Burkle, who co-owns the NHL’s Pittsburgh Penguins, recently has been mentioned by both Mayor Kevin Johnson and NBA Commissioner David Stern as a potential suitor for the Kings. Mastrov, the founder of the 24 Hour Fitness chain, made an unsuccessful bid to buy the Golden State Warriors in 2010 and until now had been the only person to publicly express interest in buying the Kings and keeping them here.

The news that Burkle was back in the hunt for the Kings, which he also offered to buy two years ago, capped an earlier announcement by Johnson on Tuesday that 20 prominent Sacramentans had agreed to invest $1 million apiece for a minority stake in the team.

Those local investors would partner with deep-pocketed financiers – such as Burkle and Mastrov – in making a counteroffer to the deal reached this week by an investor group seeking to move the Kings to Seattle. In an afternoon news conference, Johnson said ultrawealthy people with ties to California had expressed interest in buying the Kings, and that he hoped to unveil at least one as early as this week.

The purchase offer would be combined with a concrete plan to finance a new downtown sports arena when Johnson makes his pitch to reject the Seattle deal directly to the NBA’s board of governors. Johnson will also argue that Sacramento is a more supportive NBA market than Seattle was when it was home to the SuperSonics.

Despite national media reports saying the NBA is inclined to approve the sale and relocation of the Kings, the mayor said he thinks Sacramento has a fighting chance.

“Come April or before, we’re going to submit a fair and competitive offer,” the mayor said, referring to the annual board of governors meeting held at the conclusion of the NBA’s regular season.

The Maloof family, which has controlled the Kings since 1999, reached a binding agreement on Sunday to sell the team to a group led by Seattle hedge-fund manager Chris Hansen and Microsoft executive Steve Ballmer. If the sale is approved by the NBA, Hansen would move the Kings to Seattle before the start of the 2013-14 season and rename them the SuperSonics, after the franchise that left Seattle for Oklahoma City in 2008.

Johnson acknowledged he was playing catch-up to the Seattle group, which sources said has agreed to buy the 65 percent of the Kings owned by the Maloofs and their Oklahoma business partner, Bob Hernreich. The agreement values the Kings franchise at $525 million, meaning the Seattle group is willing to pay $341 million for the Maloof and Hernreich shares.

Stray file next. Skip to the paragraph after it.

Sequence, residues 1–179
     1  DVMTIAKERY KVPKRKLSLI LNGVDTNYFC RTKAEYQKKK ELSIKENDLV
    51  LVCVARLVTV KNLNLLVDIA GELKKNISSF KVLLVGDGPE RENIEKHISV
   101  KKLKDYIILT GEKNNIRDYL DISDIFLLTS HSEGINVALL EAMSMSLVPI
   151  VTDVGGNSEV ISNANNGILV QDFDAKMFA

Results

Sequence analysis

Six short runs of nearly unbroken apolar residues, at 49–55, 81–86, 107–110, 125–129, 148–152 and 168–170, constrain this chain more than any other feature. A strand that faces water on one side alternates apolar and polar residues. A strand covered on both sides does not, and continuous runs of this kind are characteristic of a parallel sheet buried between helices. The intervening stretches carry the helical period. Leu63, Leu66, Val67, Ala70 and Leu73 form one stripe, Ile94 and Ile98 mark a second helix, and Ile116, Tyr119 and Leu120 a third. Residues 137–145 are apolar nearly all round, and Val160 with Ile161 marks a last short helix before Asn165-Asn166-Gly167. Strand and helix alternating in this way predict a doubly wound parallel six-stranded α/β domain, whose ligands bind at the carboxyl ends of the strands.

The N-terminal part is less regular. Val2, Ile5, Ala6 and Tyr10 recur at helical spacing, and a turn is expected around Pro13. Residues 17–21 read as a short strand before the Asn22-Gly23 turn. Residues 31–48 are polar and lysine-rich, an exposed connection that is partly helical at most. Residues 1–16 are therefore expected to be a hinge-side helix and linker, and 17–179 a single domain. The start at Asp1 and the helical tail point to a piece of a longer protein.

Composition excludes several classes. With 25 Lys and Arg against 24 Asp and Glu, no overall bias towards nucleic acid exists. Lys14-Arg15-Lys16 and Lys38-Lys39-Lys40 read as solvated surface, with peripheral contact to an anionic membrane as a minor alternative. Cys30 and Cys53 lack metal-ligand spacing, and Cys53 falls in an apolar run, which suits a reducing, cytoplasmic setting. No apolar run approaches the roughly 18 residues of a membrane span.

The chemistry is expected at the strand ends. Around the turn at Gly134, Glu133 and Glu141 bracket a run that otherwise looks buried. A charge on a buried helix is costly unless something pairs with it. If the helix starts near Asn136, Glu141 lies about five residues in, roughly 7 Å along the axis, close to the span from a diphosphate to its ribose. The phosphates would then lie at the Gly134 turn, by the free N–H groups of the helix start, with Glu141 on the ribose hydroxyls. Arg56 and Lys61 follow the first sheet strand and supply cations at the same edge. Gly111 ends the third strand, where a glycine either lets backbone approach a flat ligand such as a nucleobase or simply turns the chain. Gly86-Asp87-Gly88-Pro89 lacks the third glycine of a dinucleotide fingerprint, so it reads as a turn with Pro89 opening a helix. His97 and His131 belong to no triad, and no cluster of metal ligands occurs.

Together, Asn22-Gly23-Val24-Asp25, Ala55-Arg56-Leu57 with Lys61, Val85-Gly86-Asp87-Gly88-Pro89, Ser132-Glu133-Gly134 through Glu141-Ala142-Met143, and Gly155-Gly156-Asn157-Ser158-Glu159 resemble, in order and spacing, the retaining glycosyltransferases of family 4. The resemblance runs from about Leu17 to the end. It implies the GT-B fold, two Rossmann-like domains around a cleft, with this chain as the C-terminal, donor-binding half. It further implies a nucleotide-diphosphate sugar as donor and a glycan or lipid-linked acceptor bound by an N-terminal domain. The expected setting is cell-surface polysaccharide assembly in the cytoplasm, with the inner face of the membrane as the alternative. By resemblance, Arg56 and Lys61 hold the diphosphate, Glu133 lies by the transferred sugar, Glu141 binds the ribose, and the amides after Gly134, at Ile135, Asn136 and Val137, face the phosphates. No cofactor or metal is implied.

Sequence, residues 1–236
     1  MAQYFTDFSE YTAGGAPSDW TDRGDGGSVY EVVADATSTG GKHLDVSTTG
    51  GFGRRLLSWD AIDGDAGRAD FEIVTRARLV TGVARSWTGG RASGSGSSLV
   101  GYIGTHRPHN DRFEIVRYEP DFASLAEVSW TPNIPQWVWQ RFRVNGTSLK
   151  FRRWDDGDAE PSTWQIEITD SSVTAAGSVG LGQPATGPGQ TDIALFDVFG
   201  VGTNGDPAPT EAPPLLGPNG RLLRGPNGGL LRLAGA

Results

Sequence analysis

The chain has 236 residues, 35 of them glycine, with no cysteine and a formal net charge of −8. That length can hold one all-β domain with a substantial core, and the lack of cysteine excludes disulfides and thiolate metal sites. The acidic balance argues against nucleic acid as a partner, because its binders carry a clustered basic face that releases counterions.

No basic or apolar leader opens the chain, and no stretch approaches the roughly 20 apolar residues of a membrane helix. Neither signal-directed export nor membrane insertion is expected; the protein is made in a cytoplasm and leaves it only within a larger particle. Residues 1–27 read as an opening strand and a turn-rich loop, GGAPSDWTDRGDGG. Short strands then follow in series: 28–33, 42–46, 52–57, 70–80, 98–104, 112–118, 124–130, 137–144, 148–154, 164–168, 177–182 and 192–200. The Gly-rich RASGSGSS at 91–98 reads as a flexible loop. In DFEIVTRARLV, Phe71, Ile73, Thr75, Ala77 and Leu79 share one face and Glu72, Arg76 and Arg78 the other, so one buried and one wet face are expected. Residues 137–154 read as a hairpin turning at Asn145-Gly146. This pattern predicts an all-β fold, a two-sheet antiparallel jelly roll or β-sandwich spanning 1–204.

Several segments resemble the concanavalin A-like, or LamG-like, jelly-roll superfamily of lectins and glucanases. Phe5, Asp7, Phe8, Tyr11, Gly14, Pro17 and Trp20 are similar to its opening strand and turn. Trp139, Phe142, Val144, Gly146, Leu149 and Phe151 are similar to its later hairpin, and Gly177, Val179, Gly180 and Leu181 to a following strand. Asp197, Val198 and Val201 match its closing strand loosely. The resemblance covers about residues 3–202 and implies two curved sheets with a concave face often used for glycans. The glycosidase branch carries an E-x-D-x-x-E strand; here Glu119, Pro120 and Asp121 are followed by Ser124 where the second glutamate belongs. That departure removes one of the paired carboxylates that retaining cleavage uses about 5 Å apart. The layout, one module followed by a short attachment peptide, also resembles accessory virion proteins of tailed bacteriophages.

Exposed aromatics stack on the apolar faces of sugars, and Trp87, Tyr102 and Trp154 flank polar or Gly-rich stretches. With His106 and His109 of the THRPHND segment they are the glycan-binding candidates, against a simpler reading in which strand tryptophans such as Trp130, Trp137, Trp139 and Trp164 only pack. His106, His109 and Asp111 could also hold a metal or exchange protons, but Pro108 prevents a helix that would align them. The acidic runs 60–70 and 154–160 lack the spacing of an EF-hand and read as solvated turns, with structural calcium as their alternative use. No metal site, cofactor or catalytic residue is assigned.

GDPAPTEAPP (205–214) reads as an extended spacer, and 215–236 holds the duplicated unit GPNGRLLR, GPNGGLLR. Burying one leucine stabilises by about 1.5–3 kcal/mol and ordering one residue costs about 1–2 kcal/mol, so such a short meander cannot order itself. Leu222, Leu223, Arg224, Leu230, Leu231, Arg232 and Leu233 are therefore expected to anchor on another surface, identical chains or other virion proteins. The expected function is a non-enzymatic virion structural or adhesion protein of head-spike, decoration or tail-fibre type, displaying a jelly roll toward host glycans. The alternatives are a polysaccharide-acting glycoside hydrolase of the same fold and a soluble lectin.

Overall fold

Burkle and Mastrov would give Sacramento an immediate boost. Forbes pegs Burkle’s net worth at $3.1 billion, and Mastrov offered a reported $350 million in an unsuccessful bid to buy the Warriors in 2010.

A business associate of Burkle’s could not be reached for comment. Mastrov also could not be reached.

“(The city has) legitimate individuals who are going to be treated very seriously by the league,” said sports business consultant Andy Dolich, a former executive with the NBA’s Memphis Grizzlies. “That is a good piece of news for Sacramento.”

Sacramento developer Larry Kelley, who is one of the 20 local investors introduced earlier in the day by the mayor, reacted enthusiastically when told about the possible Burkle-Mastrov partnership.

“Sounds to me like it’s a great marriage,” said Kelley, who was a Kings limited partner in the 1990s. “They have money, they certainly have high integrity and a reputation for being very good businessmen.”

Johnson’s wealthy investors would be expected to cover the majority of the $341 million offered by the Hansen group. While the contribution of the local partners would make up a smaller share, Johnson said they would serve as a direct link between the Kings franchise and the community.

“These are folks who realize that the Kings are a civic asset for our community,” he said.

Johnson said he began recruiting local investment partners on Thursday and that his initial goal was to secure between three and five willing to commit to $1 million each.

The list of locals includes downtown developer David Taylor, who had signed on to develop an arena in the railyard before a financing plan for that facility collapsed last year. Taylor has said he is also interested in reviving his role in an arena project.

“I wish the Maloofs good luck in the future,” said Taylor, who has dealt with the family on several arena efforts. “While they have been a difficult partner in some instances, they’ve been a good partner in others. I wish them well, but I wish they’d sell to us, and I think they will.”